41. Memorandum From the Director of the United States Information Agency (Rowan) to President Johnson 1

Since one of our obvious goals is to win the support of the Dominican people for a progressive and democratic government, and of the rest of Latin America for our present actions in the Dominican Republic,2 I think I should point out a few of our major obstacles:

1. While I support completely our sending in more troops, we must be aware that it will be well nigh impossible to justify the presence of 16,000 American troops simply on the grounds that we are protecting Americans and other foreigners.

2. We shall have to devote considerable effort to providing evidence that our actions are to protect the short-range and long-range well-being of the people of the Dominican Republic and the rest of Latin America.

3. In order to do this meaningfully, especially when troops are entering during a period of so-called ceasefire, I believe we must exploit as shrewdly as possible, without overdoing it, the Communist and Castroite3 leadership of the rebels. This is indicated in the fact that almost all the editorials supporting us in Latin America base their support on the fear that the Dominican Republic might become another Cuba, and thus a menace to the entire hemisphere.

4. What I am emphasizing, then, is the need for a two-track information operation—the first being humanitarian, which we can push openly as a government, and the second being the threat to the security of non-Communist nations of Latin America, which would best be pushed by Latin Americans, but which we must encourage in every feasible way.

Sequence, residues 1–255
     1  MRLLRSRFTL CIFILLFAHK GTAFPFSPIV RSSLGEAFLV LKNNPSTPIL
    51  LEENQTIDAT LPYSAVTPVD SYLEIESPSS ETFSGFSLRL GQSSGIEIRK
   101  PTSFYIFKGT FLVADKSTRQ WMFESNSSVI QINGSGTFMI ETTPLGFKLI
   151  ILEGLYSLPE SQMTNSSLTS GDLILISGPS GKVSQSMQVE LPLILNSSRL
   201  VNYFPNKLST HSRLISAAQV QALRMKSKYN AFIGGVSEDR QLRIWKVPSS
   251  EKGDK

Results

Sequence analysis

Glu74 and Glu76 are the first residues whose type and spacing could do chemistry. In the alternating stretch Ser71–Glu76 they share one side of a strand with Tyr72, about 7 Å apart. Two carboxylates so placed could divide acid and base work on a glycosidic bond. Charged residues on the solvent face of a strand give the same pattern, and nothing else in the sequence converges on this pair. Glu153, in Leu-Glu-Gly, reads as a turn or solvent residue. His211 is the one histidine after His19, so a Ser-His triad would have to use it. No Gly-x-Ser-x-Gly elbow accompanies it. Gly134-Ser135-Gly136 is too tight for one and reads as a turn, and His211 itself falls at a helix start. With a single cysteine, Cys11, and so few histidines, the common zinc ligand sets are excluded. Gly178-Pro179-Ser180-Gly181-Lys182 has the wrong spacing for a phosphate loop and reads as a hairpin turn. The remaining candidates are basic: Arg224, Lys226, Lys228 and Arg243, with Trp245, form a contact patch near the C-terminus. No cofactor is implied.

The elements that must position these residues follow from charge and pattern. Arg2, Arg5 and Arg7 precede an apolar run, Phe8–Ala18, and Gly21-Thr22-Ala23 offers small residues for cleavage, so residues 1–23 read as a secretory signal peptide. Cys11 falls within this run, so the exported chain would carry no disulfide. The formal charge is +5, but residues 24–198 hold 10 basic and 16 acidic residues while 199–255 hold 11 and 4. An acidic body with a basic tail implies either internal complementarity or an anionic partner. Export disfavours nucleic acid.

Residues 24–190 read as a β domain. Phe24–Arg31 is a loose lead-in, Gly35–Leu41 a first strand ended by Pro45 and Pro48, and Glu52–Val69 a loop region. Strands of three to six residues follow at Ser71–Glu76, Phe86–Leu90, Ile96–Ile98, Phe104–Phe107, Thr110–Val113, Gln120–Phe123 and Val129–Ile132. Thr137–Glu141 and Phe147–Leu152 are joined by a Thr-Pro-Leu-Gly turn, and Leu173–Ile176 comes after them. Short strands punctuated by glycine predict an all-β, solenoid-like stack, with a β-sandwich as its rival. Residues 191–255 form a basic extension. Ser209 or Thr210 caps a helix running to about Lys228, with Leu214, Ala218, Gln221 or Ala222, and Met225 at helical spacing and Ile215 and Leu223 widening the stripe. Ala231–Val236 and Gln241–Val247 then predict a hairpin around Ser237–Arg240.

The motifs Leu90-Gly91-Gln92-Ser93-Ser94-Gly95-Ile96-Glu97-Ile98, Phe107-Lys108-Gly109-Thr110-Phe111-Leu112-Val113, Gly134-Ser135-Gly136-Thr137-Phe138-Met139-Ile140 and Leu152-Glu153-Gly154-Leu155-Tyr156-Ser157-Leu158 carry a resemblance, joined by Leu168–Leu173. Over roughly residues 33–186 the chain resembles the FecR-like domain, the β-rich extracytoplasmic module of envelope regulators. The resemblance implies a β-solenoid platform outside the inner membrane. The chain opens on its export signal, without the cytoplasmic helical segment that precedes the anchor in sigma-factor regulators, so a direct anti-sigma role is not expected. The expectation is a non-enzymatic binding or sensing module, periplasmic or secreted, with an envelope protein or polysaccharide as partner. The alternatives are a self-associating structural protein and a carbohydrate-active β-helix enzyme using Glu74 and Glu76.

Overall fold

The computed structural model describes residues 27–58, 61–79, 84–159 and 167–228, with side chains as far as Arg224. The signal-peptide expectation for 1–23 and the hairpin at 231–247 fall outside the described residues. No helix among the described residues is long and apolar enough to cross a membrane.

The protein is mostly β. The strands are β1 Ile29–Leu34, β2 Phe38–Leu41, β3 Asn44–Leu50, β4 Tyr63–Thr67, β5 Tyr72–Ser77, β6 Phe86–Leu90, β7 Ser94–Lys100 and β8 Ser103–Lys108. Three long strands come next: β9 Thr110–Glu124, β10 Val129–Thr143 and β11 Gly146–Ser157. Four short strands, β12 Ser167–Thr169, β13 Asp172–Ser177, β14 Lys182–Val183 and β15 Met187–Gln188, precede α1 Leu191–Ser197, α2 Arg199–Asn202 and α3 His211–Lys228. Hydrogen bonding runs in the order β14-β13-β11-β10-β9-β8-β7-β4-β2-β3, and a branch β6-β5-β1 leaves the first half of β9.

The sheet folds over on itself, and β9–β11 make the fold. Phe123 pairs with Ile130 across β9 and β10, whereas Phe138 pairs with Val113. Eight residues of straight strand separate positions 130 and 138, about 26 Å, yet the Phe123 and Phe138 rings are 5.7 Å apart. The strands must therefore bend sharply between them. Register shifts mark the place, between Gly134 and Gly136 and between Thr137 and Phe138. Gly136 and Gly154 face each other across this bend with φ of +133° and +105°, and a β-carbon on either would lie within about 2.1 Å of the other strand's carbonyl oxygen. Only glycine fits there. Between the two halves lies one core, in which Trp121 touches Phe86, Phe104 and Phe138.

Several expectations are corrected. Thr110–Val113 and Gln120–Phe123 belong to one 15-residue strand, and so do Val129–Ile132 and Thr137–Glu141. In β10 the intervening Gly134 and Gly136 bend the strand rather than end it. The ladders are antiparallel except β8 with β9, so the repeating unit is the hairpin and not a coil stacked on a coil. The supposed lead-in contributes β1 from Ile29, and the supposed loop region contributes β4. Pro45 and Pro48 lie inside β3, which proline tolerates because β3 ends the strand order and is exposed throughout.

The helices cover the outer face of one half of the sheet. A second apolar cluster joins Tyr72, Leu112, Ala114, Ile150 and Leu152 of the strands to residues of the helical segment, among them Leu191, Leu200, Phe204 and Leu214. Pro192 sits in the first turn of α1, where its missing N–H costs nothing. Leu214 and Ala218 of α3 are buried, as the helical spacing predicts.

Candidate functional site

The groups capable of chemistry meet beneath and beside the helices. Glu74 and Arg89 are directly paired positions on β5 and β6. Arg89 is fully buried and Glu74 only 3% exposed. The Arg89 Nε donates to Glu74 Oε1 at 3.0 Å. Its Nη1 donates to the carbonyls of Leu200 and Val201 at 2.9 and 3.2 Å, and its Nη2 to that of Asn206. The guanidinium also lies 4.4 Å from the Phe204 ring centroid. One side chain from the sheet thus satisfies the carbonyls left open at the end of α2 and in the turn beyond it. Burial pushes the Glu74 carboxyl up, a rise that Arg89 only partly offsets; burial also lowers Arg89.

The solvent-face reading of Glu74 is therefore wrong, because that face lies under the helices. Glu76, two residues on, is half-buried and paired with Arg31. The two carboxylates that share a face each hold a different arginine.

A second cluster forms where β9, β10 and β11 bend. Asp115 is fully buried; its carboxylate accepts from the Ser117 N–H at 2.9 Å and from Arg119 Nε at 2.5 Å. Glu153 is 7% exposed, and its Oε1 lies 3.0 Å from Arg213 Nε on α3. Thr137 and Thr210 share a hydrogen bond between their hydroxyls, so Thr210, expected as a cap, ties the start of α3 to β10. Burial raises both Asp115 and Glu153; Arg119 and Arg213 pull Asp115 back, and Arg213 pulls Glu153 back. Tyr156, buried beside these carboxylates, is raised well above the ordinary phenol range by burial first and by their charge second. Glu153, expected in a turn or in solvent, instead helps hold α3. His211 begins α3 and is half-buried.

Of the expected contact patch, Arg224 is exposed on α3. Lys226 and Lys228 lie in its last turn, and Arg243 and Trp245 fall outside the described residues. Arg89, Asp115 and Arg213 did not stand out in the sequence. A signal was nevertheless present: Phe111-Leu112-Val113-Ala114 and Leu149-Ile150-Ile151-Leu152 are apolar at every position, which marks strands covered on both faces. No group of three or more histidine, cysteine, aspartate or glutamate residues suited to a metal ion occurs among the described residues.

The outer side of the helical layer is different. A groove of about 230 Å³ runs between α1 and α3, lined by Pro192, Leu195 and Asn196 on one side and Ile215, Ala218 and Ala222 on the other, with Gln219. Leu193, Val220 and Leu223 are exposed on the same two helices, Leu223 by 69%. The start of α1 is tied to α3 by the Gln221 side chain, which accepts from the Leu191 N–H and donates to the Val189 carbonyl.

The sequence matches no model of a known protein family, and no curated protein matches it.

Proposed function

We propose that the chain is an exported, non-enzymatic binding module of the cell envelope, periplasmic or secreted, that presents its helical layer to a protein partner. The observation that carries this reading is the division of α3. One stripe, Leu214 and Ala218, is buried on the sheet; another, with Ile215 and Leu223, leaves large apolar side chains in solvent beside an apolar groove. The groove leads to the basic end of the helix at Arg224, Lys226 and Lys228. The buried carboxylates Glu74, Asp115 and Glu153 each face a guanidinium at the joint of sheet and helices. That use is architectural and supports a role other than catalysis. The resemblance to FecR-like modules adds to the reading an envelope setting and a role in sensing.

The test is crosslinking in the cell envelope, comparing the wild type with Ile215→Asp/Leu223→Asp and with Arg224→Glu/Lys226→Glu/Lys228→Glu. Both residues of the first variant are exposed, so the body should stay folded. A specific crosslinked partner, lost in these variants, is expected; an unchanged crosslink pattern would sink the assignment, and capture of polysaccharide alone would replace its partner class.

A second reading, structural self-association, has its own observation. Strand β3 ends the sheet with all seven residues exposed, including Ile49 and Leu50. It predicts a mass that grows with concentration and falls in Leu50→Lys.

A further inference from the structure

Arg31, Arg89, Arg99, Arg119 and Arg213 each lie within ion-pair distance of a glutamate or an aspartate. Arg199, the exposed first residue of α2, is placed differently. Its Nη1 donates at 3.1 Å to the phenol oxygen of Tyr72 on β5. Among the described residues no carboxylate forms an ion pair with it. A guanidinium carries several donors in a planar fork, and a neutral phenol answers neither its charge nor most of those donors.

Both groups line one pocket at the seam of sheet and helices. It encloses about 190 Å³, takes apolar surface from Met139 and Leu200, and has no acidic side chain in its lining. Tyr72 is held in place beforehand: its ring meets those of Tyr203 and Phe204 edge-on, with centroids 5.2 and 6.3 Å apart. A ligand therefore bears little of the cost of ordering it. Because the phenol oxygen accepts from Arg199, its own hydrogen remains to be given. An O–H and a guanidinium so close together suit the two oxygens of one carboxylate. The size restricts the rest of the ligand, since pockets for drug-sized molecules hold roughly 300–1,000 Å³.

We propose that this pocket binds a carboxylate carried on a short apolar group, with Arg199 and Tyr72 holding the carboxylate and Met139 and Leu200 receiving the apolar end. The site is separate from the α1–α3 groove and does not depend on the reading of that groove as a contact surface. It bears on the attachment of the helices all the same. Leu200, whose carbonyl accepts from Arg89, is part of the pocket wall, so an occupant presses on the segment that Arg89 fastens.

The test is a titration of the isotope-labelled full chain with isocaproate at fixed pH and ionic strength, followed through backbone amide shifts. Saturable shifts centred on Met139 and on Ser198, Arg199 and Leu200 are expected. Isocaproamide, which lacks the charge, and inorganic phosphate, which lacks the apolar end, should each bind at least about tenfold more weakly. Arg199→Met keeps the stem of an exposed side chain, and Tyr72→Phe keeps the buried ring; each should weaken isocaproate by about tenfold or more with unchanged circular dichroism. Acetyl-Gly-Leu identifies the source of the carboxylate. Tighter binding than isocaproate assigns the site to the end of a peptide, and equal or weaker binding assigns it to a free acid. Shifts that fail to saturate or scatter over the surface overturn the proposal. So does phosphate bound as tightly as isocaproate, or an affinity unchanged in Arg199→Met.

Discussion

5. If we are to succeed in making other Latin American nations believe that our actions are vital to their safety and freedom, it is of utmost importance that we get some members of the OAS, and perhaps non-OAS neighbors of the Dominican Republic like Jamaica, to speak out about the Communist involvement in the Dominican Republic, and to offer troops or other support to our efforts to end the bloodshed.

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6. Proper consideration of the foregoing points will help to mute the cries of “United States aggression” and “gunboat diplomacy” and perhaps preclude attacks on USIS libraries, embassies and other American installations, with attendant Communist exploitation through Latin America and the world.

Carl T. Rowan
  1. Source: Johnson Library, National Security File, Agency File, Box 74, United States Information Agency Vol. 4, 4/14/65 [2 of 2]. Secret. In the top left-hand corner of the memorandum, Roberts wrote: “President: ‘Okay, tell him to get going.’ JR.”
  2. U.S. actions in the Dominican Republic during this period are detailed at length in Foreign Relations, 1964–1968, vol. XXXII, Dominican Republic; Cuba; Haiti; Guyana, Documents 1222.
  3. The reference is to Fidel Castro.